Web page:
Lawn weeds can infiltrate turf grass in newly seeded or established lawns. Wet winters and dry summers make for an adaptable set of turf weeds in the Pacific Northwest. The first step in controlling weeds is to properly identify the most-persistent species in order to understand their life cycle and growth habit. Broadleaf herbicides are commonly used to eliminate turf weeds. When you know what weeds you have and how they work, you are able to make more informed decisions that will ultimately improve the health and appearance of your lawn, as well as manage problem weeds.
Yellow dandelion flowers (Taraxacum officinale) are a familiar sight in lawns across the United States. A deep-rooted perennial with toothed leaves, dandelions prefer sunny locations and produce seed from spring until frost. If not fully removed from the ground, their thick roots will resprout. Physical removal can be adequate to control moderate populations, as well as mowing at the flowering stage to prevent seed dispersal.
Broadleaf (Plantago major) and Buckhorn (Plantago lanceolata) plantain are perennials with fibrous roots and leathery leaves that grow in a rosette form. Their leaves have strong parallel veins and set flower spikes that bloom from May to September. Plantain spreads by clumping as well as seed dispersal. Physical removal and mowing are often adequate to control the spread of plantain weeds.
Clovers (Trifolium sp.) are perennials in the legume family, meaning they can fix nitrogen from the air, which helps them succeed in underfertilized lawns. Clovers grow low to the ground, resisting control through mowing, preferring slightly moist sites and sending up globe-shaped white or pink flower clusters May through November. They reproduce both by seed and by spreading via runners into thick stands that out-compete the desired turf grass. Many homeowners allow clover to persist in their lawns because of their ability to add nitrogen to the soil. A regular fertilization program with a high-nitrogen ratio may help to discourage clover.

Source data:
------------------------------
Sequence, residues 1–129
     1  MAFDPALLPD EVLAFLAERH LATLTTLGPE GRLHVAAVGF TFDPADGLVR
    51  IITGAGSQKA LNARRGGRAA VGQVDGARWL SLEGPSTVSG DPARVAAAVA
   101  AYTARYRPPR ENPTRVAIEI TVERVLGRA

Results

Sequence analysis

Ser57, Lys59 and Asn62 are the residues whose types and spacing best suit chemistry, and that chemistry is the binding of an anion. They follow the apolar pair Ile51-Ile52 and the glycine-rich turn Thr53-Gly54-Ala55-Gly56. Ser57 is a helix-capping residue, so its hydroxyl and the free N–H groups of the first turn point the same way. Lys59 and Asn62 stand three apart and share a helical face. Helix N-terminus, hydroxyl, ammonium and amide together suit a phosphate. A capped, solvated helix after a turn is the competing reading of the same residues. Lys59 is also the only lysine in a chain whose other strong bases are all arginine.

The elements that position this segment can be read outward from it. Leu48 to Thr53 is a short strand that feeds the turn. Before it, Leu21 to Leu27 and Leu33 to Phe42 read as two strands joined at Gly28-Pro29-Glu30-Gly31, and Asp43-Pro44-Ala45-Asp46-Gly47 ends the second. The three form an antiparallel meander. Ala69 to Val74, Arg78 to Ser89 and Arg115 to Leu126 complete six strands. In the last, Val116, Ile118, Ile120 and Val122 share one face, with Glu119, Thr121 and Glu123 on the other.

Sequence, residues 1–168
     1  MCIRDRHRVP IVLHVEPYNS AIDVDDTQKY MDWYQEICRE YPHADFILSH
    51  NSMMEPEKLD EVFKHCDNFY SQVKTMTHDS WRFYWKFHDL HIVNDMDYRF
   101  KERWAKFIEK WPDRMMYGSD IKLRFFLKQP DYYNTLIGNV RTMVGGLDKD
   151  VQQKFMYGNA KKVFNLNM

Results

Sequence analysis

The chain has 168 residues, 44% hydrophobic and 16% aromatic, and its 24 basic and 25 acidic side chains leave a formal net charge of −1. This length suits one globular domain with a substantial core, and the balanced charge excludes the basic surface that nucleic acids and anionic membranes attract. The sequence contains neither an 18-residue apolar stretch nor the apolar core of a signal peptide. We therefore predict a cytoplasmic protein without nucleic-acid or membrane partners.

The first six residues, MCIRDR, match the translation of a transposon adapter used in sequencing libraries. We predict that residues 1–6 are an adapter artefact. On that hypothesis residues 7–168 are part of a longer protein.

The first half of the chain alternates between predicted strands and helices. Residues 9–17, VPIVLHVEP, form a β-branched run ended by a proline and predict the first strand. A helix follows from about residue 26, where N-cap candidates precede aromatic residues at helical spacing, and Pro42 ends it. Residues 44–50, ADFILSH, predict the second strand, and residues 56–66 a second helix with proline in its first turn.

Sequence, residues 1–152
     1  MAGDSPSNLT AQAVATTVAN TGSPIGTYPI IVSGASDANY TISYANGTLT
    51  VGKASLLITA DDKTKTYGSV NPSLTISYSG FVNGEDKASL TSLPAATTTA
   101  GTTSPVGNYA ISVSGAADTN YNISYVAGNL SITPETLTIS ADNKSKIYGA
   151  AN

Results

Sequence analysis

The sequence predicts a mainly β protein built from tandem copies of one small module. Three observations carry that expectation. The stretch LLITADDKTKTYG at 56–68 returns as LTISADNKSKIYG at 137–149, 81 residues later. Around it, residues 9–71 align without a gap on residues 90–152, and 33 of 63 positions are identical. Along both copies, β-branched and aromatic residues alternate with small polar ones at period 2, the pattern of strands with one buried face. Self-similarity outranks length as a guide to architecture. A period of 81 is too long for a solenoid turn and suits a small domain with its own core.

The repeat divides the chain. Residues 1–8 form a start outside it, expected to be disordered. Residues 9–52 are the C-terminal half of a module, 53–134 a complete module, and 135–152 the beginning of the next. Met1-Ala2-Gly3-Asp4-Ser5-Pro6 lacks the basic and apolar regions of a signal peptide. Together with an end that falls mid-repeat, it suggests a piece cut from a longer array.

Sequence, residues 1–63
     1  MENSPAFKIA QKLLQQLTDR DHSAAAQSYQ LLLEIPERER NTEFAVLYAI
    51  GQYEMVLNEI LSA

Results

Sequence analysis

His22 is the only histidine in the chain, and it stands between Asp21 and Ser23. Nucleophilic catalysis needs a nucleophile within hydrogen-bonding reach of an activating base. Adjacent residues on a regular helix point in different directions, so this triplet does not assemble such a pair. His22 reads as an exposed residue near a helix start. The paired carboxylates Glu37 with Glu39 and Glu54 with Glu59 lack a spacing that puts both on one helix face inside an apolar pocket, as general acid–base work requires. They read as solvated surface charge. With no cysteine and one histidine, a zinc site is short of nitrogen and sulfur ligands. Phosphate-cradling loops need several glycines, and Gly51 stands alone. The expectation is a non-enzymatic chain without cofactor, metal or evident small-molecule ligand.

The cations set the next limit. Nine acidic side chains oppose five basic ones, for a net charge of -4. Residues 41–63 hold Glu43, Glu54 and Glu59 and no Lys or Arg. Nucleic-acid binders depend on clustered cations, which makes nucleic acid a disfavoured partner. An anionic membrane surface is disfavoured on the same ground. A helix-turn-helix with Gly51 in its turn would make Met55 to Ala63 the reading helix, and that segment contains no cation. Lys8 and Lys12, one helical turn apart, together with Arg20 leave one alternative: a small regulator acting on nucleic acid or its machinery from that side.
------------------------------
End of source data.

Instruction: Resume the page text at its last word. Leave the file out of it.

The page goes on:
Moss (Selaginella sp.) becomes a turf weed in lawns west of the Cascade Mountains where turf damage from summer drought creates patchy turf -- the perfect setting for moss to grow during the mild winter months. Grass kept too tall or compacted soil also create ideal growing conditions for moss, which reproduces through spore dispersal or by breaking apart and relocating via wind, water or human movement. Moss is a poor competitor and can be discouraged through keeping turf grass properly fertilized and watered during active growth.
Annual bluegrass (Poa annua) germinates in late fall and grows rapidly in the mild winters west of the Cascades. Growing more quickly than the desired turf bluegrasses and fescues, annual bluegrass out-competes other grasses then dies, leaving bare spots in the lawn. Following a good fertilizer schedule and watering deeply but infrequently helps to establish the desired grasses, making them better able to compete against more vigorous weed species.
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